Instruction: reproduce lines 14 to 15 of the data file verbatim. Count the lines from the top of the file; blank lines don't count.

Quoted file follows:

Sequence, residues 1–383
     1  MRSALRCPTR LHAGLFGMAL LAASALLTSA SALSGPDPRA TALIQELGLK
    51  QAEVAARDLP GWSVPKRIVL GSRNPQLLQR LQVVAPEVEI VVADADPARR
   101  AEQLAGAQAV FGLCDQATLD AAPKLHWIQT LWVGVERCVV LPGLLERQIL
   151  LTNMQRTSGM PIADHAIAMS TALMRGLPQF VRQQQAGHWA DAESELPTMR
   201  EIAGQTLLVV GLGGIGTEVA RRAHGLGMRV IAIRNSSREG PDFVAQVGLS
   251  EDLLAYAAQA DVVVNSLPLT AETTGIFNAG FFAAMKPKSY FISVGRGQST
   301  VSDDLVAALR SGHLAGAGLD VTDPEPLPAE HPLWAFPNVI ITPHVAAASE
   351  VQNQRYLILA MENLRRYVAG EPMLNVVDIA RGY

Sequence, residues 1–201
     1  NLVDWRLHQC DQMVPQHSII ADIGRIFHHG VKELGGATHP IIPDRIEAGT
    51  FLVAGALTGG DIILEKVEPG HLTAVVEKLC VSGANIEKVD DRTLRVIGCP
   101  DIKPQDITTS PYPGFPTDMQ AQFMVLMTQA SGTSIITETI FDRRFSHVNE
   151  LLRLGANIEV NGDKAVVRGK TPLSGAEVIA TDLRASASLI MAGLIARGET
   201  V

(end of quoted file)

   151  LLRLGANIEV NGDKAVVRGK TPLSGAEVIA TDLRASASLI MAGLIARGET
   201  V